On the eve of their first battle, one that would cut their ranks in half, 600 men paraded proudly up Beacon Street, celebrated by the crowds before heading by boat to fight in South Carolina. Frederick Douglass was said to have shaken the hand of each and every man including his own son’s. These 600 soldiers came from far and wide — Haiti, Canada, Ohio, Pennsylvania — to risk life and limb to join the 54th Massachusetts Regiment in a country that did not see them as equals.
Among the first Black units to volunteer to fight in the Civil War, these soldiers served heroically during the assault on Fort Wagner, South Carolina in 1863. They were outnumbered and outgunned, but inspired 180,000 Black men to enlist, remembering the last words of Col. Robert Gould Shaw: “Forward, Fifty-Fourth, forward!”
More than a century later, some of their descendants remembered the legacy of the 54th. On June 1, Black veterans stood where these soldiers once did, during the national rededication of the Shaw 54th Regiment Memorial. In 1897, these men were immortalized in bronze by artist Augustus Saint-Gaudens. Now, the piece has been restored to its original sheen. Situated in front of the statehouse, It’s been called one of the greatest works of public art in the United States, one of the few monuments from that era that shows how African Americans shaped this nation.
“I just loved seeing so many people here represented,” said Cambridge resident Philecia Harris, 57, who was there to honor her ancestors, including Moses Johnson of the 54th Regiment. “I love seeing the 54th Regiment reenactors because they put a face, a real face to what's going on. We're all Americans. We're all here. It's important to remember, we’ve had African Americans in every single war this country's ever fought.”
The ceremony was a culmination of 18 months of work restoring the memorial and a $3 million investment. The city joined with the National Park Service, the Friends of the Public Garden and the Museum of African American History to rehabilitate the memorial. Originally intended to take six months, the project started in 2020 and was completed in May of 2021. This included a full restoration of the bronze bas-relief and a new foundation, along with waterproofing the brick base. A new stainless-steel frame now sits between the bronze and marble to stabilize the entire monument.
Historian David Blight, professor of American History at Yale University, encouraged those in the audience to walk up to the memorial and stand near it. To look at their faces, feel the movement of their legs, hear their feet on the pavement echoing through history.
“This monument has always been here for 125 years saying the Confederacy did not win that war,” Blight said. “This monument tells a story like no other…It says African Americans had to die to be counted as people. And from that, maybe, just maybe, the American Republic could be re-invented, re-imagined, remade, and maybe, still preserved.”
Taps played before the bronze faces of the 54th Regiment. Members of the military placed a wreath on the memorial. All these years later, the site was again full of dignitaries, artists and city leaders. There was a tent where people could learn more about the 54th Regiment. The Park Service also created a database called “Faces of the 54th,” which shows the names, ages, ranks and occupations of more than 1,500 men, both soldiers and officers. The Boston Children’s Chorus performed an original song called “Those heroes who healed the nation” by Julius P. Williams, a professor in Berklee College of Music’s composition department.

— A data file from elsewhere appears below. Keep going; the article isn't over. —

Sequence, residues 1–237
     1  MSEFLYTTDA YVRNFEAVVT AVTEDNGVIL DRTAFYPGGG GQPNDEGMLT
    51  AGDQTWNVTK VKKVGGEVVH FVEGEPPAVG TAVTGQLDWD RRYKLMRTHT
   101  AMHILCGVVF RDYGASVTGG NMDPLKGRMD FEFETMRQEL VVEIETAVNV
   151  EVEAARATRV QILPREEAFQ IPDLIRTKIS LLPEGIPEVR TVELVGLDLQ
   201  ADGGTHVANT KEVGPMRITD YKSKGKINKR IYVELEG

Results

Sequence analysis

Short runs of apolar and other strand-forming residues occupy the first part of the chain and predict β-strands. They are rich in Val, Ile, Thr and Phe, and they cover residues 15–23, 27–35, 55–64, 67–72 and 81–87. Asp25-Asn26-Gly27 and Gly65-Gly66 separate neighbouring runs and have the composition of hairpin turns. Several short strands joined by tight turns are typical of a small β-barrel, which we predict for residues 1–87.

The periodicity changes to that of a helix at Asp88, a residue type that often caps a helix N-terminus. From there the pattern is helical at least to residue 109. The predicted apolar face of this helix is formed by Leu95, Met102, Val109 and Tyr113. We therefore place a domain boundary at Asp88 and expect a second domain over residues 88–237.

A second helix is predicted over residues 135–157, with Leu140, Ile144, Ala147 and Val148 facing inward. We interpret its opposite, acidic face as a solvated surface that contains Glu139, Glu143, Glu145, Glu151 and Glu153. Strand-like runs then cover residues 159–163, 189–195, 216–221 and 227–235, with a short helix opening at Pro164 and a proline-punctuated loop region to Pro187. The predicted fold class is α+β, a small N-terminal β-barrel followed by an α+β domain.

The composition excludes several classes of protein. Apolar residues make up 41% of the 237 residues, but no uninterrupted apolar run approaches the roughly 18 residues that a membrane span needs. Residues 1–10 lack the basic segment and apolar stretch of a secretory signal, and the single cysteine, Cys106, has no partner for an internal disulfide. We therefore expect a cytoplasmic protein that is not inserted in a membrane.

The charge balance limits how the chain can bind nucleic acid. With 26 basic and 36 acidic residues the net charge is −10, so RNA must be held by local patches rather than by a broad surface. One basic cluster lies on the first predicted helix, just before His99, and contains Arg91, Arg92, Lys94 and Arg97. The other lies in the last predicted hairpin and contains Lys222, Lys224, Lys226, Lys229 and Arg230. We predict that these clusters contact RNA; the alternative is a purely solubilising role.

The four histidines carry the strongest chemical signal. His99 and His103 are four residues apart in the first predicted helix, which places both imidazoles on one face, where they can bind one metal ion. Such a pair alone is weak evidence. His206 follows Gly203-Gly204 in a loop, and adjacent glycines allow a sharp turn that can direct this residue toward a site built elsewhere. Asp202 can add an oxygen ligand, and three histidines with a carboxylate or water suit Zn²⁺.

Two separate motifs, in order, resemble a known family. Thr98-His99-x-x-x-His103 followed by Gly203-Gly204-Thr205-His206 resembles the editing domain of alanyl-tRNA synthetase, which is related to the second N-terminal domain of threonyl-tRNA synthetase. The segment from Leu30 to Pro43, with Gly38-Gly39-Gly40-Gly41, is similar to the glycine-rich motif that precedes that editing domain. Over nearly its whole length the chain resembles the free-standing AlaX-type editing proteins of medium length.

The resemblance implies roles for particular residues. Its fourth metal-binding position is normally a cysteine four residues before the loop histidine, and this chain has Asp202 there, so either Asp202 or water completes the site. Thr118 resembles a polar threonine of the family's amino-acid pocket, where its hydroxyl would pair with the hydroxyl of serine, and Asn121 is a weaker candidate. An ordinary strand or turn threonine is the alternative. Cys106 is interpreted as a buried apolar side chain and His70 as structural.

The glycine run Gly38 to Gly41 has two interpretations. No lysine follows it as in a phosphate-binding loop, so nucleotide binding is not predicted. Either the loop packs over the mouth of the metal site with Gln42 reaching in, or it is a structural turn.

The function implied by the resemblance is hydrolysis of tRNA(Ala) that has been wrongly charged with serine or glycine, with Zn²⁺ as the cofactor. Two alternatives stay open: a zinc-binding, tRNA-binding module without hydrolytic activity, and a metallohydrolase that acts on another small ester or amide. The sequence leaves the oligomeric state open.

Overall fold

Marydith Tuitt is commander of the William Carter American Legion Post, the oldest African American post in the commonwealth. She served 14 years with the United States Navy. “Most of the reenactors are members of our post,” Tuitt said. “So I came out to support and connect the energy that comes from this memorial. I love coming out here. Being an African American woman veteran, seeing everyone and how they respect this memorial and what it stands for.”
One of the speakers at the event, Ibram X. Kendi, director of the Center for Antiracist Research at Boston University, emphasized that these men emancipated themselves during a time when Abraham Lincoln was praised as the great emancipator. “This memorial is a testament to the fact that we did the impossible: abolished slavery, and it is also a testament to the fact that we can do the impossible again: abolish racism.”
The memorial was previously restored in the early 1980s when the names of the Black soldiers killed in action were etched onto the monument. Originally, the memorial only listed the white officers who were killed.
The survivors of the battle at Fort Wagner tried to raise funds to build a memorial in South Carolina, but it never came to pass. It was an African American businessman and state senator in Massachusetts named Joshua B. Smith who raised funds with the Black community on Beacon Hill. They led the first movement to erect a monument in Boston.
When asked what she hoped for her descendants 100 years from now, Harris was honest.
“I really hope that they're free,” she said. “The first time I was stopped by the police, I was 13 years old walking down the street in Wellesley. And the last time I was stopped by the police, I was standing too close to a door at the theater…I'm really hoping that 100 years from now, my descendants can truly say that they're free and they live with liberty and justice for all.”
A previous version of this story misspelled Marydith Tuitt's name. We regret the error.